Thrift store owners prepare for wave of holiday shoppers as secondhand gifts become less taboo
Resale experts say 49% of Americans will shop at secondhand stores this holiday season
The stigma behind giving a previously owned gift is going away. With more people out of work during the pandemic, many turned to thrifting.
It's now a habit that's shifting to gifting.
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"The past two years have shown me that people really are looking for alternatives to big box stores and higher prices," said Eric Sylvester, the store manager of Bridge House, a popular thrift store in New Orleans.
A survey from the resale company, ThredUp found that nearly half (49%) of Americans will shop at secondhand retailers this holiday season.
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Sylvester says Black Friday is usually a "hit or miss" at his thrift store, but this year, he says the store was packed through the weekend.
"My customer counts have been about twice what they normally were before the end of the year and that's really good for us," Sylvester said.
It's not just an economical choice. ThredUp's survey found that 53% of shoppers are also worried about shipping delays.
While supply chain issues threaten online shopping and the inventory at department stores, consignment shops stay stocked with donations.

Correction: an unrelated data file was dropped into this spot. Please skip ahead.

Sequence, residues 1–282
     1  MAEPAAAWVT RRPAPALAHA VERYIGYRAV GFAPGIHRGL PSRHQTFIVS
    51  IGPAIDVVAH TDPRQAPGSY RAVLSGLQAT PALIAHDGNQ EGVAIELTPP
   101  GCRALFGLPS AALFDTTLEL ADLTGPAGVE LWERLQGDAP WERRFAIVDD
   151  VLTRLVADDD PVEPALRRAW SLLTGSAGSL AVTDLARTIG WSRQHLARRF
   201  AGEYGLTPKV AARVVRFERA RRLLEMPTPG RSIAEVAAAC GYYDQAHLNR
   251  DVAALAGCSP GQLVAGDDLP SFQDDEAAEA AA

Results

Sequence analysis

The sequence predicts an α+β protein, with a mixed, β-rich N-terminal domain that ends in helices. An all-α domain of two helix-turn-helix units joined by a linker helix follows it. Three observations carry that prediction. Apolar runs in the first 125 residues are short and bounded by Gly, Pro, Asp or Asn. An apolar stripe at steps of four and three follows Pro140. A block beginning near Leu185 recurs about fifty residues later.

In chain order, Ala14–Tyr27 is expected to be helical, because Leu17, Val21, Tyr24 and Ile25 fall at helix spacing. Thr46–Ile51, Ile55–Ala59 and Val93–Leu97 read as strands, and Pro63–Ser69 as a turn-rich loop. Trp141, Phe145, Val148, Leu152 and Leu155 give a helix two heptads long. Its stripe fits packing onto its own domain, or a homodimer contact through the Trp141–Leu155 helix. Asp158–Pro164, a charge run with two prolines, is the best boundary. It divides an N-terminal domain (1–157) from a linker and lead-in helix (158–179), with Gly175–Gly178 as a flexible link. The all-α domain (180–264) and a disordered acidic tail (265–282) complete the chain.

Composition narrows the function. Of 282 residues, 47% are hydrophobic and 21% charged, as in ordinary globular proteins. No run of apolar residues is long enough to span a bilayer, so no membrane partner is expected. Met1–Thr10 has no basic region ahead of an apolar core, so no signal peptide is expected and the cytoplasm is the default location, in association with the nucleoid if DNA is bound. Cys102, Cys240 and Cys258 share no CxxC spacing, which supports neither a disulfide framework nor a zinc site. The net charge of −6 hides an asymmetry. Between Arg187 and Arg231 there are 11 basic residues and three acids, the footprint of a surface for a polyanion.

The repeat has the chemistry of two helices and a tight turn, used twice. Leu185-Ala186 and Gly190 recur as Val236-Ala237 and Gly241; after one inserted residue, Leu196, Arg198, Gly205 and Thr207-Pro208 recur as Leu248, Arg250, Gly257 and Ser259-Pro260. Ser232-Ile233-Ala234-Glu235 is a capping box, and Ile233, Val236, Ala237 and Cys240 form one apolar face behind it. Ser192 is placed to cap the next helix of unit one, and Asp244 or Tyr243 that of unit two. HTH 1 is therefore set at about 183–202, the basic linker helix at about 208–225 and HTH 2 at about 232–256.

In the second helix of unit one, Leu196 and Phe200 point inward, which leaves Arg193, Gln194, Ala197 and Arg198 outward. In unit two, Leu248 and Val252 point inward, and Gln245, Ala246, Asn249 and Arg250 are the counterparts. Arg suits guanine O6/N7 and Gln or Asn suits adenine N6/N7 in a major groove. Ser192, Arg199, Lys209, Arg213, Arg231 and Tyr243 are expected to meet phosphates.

"Our community has really stepped up for us by providing donations to help us meet our need," Sylvester said.
Longtime thrifter Ahmad Jabari says the thrift store is a "hidden gem."
"Everything in the thrift store is not old; everything in the thrift store is not damaged," said Jabari. "There are great finds in the thrift store."
Jabari says he recently bought an Omega watch for $3.95 at a thrift store. It was valued at $1700.
"That's how powerful the thrift store is," Jabari added.
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Other shoppers say buying secondhand not only helps the environment, but the gifts can be more meaningful.
"With thrifting, you can find a lot cooler, more unique pieces," said shopper Amaya Jacques. "Spending time going through clothes is a lot more meaningful to me than buying something quickly online. Fashion is also going towards a more sustainable route."
Resale experts say GenZ is driving the thrifting trend as they are becoming more conscious of their ecological footprint.
Many thrift stores are also connected to a charity or non-profit organization which allows shoppers to feel good about contributing to a cause when they make a purchase.
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At Bridge House Thrift Store in New Orleans, 100% of the proceeds go towards supporting rehab treatment for men and women struggling with alcohol or drug addiction.
"I would encourage anyone who might not be able to afford what they usually buy for gifts this holiday season, to give the thrift store a chance," Jabari said. "This is how you can still bless someone."